Nuts About Nut Butters

walnut 1
Shelled walnuts ready to be made into butter!

I’m always amazed at the selection of fresh foods that are available in Italy – particularly foods that change with the seasons, from spring fava beans to summer artichokes to autumn mushrooms to winter nuts.

Lately those nuts have been on my mind, because the nuts bought in winter and kept in the freezer can last all year … and (drum roll) you can make nut butters with them!

walnut 3
Delicate, Delicious Walnut Butter

Nut butters can be hard to find even in US grocery stores, but they’re nearly impossible to find in Italy. Peanut butter can sometimes be spotted in larger supermarkets that cater to stranieri (foreigners), but of course peanuts are a legume anyway, and the nuts I’ve had on my mind lately are tree nuts – particularly cashews, walnuts, almonds, macadamias and hazelnuts – because they make fabulous homemade butters! Yep, homemade.

And why should you be making your own nut butters? Well, let me count the ways …

Homemade nut butters:

  1. cost waaaaay less than store bought nut butters (if you can even find them)
  2. are loaded with healthy fats and nutrients
  3. are super easy to make
  4. can be used in a plethora of recipes
  5. taste absolutely delicious!

Here are the only 2 items you need to get started.

  1. Food processor (on the heavy duty side is better)
  2. Tree nuts (almonds, macadamias, hazelnuts, walnuts, cashews … or even shredded coconut)
hazel 1
Hazelnuts

Nut butters take several minutes to make – as many as 10-15 minutes, depending on the type of nut you’re using and the power level of your food processor. It’s a good idea to put the food processor in another room or out on your porch (that’s what I do) because those machines can be really loud!

Directions:

  1. hazel 2Put 1-2 cups of raw or roasted nuts (I prefer raw) into the food processor – depending on the capacity of your machine.
  2. Process on high speed. The nuts will turn to meal in just a couple of minutes.
  3. Continue to process on high for several more minutes and the meal will hazel 3become thicker and paste-like. It will also be very warm from the processing! (As the mixture thickens, it will likely stick to the sides of the processor bowl. Stop the machine from time to time and scrape down the sides with a spatula.)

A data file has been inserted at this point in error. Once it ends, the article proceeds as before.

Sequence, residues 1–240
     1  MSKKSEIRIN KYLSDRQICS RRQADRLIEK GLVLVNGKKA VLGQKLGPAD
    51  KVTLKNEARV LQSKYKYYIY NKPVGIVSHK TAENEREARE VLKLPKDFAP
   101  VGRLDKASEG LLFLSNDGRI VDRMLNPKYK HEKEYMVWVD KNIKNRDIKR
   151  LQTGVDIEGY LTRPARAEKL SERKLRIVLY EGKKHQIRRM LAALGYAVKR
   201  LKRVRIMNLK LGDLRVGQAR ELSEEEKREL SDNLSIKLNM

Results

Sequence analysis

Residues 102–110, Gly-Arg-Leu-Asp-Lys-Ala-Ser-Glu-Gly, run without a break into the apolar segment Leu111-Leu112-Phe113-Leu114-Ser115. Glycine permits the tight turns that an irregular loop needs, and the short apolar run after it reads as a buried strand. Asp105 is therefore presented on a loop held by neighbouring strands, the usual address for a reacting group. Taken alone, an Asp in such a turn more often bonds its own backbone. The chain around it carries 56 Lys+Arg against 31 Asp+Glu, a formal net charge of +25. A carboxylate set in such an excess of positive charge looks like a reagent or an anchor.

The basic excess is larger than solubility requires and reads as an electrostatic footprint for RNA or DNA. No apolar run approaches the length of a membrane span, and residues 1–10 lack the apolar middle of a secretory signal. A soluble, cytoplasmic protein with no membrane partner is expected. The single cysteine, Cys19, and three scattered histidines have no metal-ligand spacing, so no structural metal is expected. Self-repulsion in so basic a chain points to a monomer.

4. Continue to process on high speed for several minutes until the oils are released from the nut mixture and it has become a smooth, creamy consistency.  (It’s really fun to see that happen!) If you’d prefer a smoother consistency, just process a bit longer.
  5. Optional: Blend in a pinch of sea salt, sweetener (like Stevia) or even unsweetened cocoa powder to flavor the nut butter. (I usually leave mine plain.)

Now you get to scoop your beautiful nut butter into glass jars. Store the jars in a dark, cool cabinet for short periods of time, or in the refrigerator for longer preservation. Refrigeration certainly makes nut butters last longer (weeks or months) and the cold keeps the oil from separating, but room temperature nut butters taste better and spread better too. Just be a bit careful. Since there are no preservatives (thank goodness) in homemade nut butter, it will go rancid over time – just as any butter does.

The photos above show the processing stages of hazelnut butter, but you can use virtually any kind of nuts to make nut butter – even coconut (see below)!

You can then enjoy your homemade nut butters on sliced apples, in oatmeal, in protein shakes, on pancakes (gluten–free, of course) or right out of the jar on a spoon (my husband’s favorite way)!

coconut 1
From shredded, unsweetened coconut to creamy, sweet coconut butter!
coconut butter
We love coconut butter on gluten-free pancakes!

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pamelaPamela Haack is an Italy travel consultant and author who specializes in creating group trips and personalized experiences for travelers who like active vacations in Italy – off the beaten strada.

Get your FREE copy of Pamela’s Italy Trip Planning Tips, plus her FREE Off the Beaten Strada ezine filled with recipes, regional stories, practical travel tips and news from off the beaten strada in the heart of Italy. Click here.

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